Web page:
February 28th, 2024

CCDA’s remaining assets will form legacy fund

By COLLIN GALLANT on July 3, 2021.


The assets of the City Centre Development Agency will be used to create a legacy fund for downtown business owners to improve their properties, the group that officially disbanded this week has announced.

That amounts to between $130,000 and $140,000 that will continue to offset the cost of interest-free loans to renovate or make general improvements and improve the area and generate development.

“We’re very, very happy that it will continue,” said former CCDA board chair Jeremy Silver. A final message from the board to stakeholders laments some aspects of ending operations after 37 years, but also recalls events, chili-cookoffs, Easter egg hunts and the Monarch Theatre.

“We would like to thank everyone who kept the Monarch dream alive and look forward to watching her thrive in the future,” the letter states.

Audited financial statements will be delivered to city finance officials this month, it states.

Last month, the City of Medicine Hat announced it would acquire the Monarch Theatre in order to keep it from potentially becoming property of the province once the provincially regulated business improvement area ceased operations.

After a mid-May referendum on the CCDA’s future, the board had about six weeks to wind up operations and liquidate assets.

The theatre was the major concern, and the city’s purchase price of $145,000 in cash and another $60,000 in loan forgiveness.

That money will essentially replace a grant removed from the CCDA budget during a contentious two-year budget debate, which Silver called a valuable program that should have continued.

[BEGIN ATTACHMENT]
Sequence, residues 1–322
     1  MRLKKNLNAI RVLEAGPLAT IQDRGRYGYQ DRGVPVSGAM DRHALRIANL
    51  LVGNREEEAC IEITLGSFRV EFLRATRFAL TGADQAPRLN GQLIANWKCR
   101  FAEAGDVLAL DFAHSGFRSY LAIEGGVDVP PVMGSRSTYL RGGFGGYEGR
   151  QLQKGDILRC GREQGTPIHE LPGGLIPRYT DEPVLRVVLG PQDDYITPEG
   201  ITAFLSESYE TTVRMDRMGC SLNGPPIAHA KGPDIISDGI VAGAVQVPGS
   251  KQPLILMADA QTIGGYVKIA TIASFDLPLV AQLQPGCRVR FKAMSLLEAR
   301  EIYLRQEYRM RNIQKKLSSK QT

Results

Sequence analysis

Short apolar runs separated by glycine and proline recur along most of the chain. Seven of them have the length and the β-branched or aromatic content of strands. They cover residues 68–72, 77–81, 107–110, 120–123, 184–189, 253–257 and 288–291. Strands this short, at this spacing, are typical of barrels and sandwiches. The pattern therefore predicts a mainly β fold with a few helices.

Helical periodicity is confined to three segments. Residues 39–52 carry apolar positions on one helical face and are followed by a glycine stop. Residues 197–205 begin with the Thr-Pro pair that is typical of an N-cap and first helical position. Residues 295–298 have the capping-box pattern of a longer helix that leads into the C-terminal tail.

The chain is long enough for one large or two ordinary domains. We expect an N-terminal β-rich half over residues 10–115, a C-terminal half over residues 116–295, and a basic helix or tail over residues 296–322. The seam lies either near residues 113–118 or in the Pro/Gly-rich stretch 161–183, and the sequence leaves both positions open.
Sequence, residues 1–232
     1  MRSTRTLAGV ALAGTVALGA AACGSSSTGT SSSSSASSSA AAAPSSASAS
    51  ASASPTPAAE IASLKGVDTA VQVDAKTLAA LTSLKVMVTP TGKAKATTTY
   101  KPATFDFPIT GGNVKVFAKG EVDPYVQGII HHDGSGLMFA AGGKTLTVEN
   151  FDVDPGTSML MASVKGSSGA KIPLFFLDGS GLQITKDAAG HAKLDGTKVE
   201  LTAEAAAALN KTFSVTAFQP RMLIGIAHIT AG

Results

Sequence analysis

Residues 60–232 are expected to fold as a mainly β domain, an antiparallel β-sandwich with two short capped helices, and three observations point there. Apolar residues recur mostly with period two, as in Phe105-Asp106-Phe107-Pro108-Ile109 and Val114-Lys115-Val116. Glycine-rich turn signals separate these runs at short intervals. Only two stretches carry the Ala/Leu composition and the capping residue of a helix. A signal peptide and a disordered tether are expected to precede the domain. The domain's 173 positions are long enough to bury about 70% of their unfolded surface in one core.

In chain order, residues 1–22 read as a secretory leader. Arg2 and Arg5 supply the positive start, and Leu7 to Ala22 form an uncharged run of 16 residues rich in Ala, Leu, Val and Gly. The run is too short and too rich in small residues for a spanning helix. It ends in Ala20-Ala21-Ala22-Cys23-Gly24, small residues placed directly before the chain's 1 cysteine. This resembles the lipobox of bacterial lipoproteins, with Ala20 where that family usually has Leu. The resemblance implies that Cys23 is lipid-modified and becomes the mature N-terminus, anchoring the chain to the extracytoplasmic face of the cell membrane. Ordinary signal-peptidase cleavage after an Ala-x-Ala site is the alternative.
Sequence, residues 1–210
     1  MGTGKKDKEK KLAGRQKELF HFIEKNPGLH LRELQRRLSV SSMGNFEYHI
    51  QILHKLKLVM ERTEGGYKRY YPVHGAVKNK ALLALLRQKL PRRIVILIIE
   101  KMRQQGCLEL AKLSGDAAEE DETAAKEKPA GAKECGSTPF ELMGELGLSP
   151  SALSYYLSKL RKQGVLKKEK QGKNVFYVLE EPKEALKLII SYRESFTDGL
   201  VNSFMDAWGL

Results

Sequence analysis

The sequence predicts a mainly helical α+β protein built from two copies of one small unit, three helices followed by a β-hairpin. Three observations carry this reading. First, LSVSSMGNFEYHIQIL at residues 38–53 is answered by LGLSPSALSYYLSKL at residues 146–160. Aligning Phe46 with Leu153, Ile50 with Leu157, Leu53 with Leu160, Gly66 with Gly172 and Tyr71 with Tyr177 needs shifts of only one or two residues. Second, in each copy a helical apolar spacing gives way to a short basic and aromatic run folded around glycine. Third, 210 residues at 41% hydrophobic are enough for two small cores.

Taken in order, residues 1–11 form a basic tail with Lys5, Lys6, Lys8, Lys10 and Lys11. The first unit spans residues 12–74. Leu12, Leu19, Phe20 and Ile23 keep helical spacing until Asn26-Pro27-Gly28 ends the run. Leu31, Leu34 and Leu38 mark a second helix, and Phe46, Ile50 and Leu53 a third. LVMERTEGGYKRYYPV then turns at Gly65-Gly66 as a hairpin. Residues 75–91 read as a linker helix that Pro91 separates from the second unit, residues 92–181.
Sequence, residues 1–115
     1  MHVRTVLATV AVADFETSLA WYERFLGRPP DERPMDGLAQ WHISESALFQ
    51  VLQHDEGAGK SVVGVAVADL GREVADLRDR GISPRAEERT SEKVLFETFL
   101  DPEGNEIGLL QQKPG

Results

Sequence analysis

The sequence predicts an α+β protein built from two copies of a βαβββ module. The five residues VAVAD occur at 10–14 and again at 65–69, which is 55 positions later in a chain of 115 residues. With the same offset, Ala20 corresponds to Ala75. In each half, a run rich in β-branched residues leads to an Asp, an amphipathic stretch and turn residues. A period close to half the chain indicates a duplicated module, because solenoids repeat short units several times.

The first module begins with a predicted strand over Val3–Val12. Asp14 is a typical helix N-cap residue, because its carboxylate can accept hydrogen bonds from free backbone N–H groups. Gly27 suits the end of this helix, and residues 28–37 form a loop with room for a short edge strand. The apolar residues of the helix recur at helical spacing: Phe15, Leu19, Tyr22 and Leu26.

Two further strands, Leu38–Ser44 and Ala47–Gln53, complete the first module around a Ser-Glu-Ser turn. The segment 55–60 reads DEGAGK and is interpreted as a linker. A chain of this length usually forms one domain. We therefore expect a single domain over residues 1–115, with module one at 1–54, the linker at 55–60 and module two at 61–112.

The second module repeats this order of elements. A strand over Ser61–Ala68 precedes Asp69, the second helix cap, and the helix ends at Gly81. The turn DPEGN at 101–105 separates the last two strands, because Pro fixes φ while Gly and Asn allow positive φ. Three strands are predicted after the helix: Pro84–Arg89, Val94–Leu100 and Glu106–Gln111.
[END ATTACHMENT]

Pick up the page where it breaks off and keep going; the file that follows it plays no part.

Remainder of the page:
“It did a lot of good, and when council removed that money it was money taken out of downtown, and this (new fund) will ensure every cent goes back into the downtown,” said Silver.

Earlier this year, city council changed the amount of money it granted to the business development group. The CCDA responded by cutting a long-standing grant program, known as the City Centre Investment Opportunity Program, or CCIOP.

It helped provide interest-free loans to its members in a program offered by local business development agency Community Futures EntreCorp. And now the remainder of assets will be endowed to keep that program in place for an estimated five years, said Silver.

The CCDA is governed by the Municipal Government Act, and was required to wind up business operations, liquidate its assets and extinguish liabilities by June 30.

The Monarch sale presented it a surplus, which could have been apportioned to stakeholders, just as liabilities would have been.

The result is a wash, said Silver, who said the board considered an option to directly refund the money to stakeholders, but that was rejected as too complex and ultimately ineffective.

Silver said a total of about 300 separate business owners have paid into the CCDA levy since the monarch purchase in 2009. They would have to be found, assigned a prorated share, all of which would add administrative costs, and the eventual payout wold be a couple hundred dollars.

“If we had left it to the city, it would have trickled down to nothing, and this ensures every cent of it goes back into downtown,” he told the News.

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